By Hannah Saltz
In past elections, I would immediately agree on my parent’s opinions. I never really had my own voice, they told me who was considered “good” and who was considered “bad.” The same thing happened during the first half of the 2016 election. They told me who they believed in and told me this candidate would fix all of the US’s problems. I wasn’t so sure.
As I made the transition from middle school to high school, I decided to do some research of my own. I read unbiased news sources, paid attention to current events, and looked at each candidate’s policies. Over a few short months, I found myself drifting away from my parents ideas and forming my own opinions. This shift in political views was really important to me, I formed my own ideas about a major issue in the world for the first time.
As the election continued, my friends and I would have numerous conversations about each candidate. We all had different views to each other. Being surrounded by friends with different political views didn’t peer pressure me into changing views, but it did allow me to keep an open mind.
Even though this was my experience, some students still listen to what their family members have to say and don’t take the time to form their own opinion. I’m not pointing fingers at anyone, I’ve seen this here at HB and my past school. I did the same thing. Composing separate ideas (not just political) that are different than the ones of the people that surround us can be difficult, especially standing one’s ground. I believe that in order for one to find their own opinion on a certain topic or event, they need to look at multiple trustworthy new sources that accurately cover it.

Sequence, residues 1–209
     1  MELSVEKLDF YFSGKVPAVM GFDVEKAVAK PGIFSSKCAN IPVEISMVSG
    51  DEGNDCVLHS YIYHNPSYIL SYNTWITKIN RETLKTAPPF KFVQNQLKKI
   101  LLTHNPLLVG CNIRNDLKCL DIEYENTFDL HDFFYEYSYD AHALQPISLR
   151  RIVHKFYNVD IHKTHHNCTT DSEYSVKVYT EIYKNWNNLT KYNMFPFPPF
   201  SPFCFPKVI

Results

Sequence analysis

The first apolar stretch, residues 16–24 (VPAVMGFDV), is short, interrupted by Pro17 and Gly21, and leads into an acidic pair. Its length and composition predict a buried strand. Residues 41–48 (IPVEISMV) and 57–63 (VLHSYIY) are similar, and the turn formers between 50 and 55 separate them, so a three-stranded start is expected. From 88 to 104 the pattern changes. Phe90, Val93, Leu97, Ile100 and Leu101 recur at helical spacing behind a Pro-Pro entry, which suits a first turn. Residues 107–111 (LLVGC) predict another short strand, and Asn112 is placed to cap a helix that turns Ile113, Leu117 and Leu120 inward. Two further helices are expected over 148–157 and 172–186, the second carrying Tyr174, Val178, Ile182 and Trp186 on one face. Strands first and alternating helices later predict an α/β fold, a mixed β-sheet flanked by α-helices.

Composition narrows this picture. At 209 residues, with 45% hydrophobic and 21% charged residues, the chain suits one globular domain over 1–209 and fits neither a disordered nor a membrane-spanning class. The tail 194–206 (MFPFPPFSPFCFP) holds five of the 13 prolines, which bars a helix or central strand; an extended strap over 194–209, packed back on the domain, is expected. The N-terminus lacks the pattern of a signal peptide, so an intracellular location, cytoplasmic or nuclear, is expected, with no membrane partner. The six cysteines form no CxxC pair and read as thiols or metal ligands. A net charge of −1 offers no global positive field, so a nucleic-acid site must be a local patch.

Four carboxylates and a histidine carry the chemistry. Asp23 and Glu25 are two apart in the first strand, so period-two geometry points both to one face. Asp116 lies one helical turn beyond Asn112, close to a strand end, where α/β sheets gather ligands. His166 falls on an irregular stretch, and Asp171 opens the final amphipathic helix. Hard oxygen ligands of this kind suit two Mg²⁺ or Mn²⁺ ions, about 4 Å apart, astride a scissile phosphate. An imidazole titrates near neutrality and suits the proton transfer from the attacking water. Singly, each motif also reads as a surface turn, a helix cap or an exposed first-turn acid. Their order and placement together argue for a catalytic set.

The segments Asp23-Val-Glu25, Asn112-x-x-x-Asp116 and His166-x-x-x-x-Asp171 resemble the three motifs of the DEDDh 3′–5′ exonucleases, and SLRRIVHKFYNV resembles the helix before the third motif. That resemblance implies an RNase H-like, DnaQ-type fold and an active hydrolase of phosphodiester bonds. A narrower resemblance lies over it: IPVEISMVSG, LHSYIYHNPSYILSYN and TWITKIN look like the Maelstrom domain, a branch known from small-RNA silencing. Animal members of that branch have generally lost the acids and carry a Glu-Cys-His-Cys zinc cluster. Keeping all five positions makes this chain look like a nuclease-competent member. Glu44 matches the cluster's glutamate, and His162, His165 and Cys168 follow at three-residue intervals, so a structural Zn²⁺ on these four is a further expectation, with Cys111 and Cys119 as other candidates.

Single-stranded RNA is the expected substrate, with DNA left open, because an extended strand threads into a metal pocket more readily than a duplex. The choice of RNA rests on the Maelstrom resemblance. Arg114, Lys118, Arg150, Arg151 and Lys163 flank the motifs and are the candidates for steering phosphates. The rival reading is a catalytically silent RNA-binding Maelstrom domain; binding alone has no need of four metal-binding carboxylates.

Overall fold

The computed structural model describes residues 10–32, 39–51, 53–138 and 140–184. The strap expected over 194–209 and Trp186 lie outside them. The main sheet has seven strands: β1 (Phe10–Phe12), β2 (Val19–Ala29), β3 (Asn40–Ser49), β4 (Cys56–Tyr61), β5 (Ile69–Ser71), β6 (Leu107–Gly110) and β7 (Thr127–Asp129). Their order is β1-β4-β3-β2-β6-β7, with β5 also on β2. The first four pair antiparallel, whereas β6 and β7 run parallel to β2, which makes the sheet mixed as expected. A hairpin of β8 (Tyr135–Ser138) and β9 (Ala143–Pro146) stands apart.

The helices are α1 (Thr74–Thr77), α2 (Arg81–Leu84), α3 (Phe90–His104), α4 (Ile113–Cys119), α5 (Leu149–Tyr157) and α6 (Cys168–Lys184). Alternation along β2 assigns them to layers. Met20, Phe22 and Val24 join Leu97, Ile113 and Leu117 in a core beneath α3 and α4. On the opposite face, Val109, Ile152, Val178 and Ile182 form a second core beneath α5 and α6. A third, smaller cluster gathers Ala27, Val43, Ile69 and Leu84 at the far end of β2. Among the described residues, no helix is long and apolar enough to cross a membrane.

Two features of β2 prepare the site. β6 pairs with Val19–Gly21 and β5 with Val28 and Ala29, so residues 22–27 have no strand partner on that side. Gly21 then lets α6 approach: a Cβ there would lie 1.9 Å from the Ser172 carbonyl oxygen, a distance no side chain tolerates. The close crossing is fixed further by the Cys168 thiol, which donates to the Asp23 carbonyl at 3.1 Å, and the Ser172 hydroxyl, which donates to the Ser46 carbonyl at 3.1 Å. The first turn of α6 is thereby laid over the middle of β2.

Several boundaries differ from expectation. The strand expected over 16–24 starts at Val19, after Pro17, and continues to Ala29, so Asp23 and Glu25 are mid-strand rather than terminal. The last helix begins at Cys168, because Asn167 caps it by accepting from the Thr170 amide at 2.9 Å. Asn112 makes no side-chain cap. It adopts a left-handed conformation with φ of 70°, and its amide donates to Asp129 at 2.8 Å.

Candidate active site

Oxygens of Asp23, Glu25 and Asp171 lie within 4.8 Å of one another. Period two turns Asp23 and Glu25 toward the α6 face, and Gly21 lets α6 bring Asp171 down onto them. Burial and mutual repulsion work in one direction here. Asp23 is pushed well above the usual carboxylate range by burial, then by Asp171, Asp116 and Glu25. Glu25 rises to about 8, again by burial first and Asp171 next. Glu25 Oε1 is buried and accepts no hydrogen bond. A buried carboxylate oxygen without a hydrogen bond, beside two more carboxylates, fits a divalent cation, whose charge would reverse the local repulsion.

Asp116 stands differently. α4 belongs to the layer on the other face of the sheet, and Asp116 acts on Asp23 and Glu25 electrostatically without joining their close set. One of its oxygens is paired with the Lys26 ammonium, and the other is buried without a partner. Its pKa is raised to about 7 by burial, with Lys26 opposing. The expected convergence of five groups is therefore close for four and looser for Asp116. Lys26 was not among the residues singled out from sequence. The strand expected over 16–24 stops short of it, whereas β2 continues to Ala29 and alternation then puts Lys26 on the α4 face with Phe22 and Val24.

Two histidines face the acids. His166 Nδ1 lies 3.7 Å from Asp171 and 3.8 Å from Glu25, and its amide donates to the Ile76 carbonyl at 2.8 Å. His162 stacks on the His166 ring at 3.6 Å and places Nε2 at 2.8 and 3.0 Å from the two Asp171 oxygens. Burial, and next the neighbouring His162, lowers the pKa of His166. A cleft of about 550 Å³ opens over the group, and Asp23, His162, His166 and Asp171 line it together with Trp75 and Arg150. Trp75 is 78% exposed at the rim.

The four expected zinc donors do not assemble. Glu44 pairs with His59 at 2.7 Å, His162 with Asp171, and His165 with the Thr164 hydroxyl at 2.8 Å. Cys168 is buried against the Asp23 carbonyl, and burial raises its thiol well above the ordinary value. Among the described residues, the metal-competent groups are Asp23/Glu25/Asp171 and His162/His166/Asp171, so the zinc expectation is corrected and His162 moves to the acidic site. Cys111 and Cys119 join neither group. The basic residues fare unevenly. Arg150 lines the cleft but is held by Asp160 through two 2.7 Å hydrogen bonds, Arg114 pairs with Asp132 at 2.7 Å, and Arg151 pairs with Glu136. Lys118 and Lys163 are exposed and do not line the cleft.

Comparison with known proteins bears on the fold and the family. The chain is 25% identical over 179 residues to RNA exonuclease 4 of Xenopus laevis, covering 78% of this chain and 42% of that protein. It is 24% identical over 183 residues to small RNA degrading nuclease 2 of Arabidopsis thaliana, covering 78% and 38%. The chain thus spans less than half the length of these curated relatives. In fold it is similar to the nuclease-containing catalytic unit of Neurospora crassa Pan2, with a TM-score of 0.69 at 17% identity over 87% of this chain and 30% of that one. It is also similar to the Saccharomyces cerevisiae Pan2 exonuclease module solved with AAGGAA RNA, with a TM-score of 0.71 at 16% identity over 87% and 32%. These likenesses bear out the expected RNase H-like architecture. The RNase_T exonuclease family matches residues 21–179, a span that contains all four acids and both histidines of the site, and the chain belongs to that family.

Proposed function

It is inevitable that at some point, you and your parents will disagree on something. Just because your parents believe something, doesn’t make it so, or even mean that it fits your own personal set of values. As you get older, you will have to make more and more important decisions on your own. You will have to figure out what is right for you. It is important that we learn to think for ourselves and be able to explain why you think what you do.
Moving away from just repeating your parents’ views is an important step in your life. Having emerged from that, and looking back one year later, I can’t tell you that it is always going to be easy. But, what I can tell you is, from my experience, you will emerge having a much better sense of who you truly are.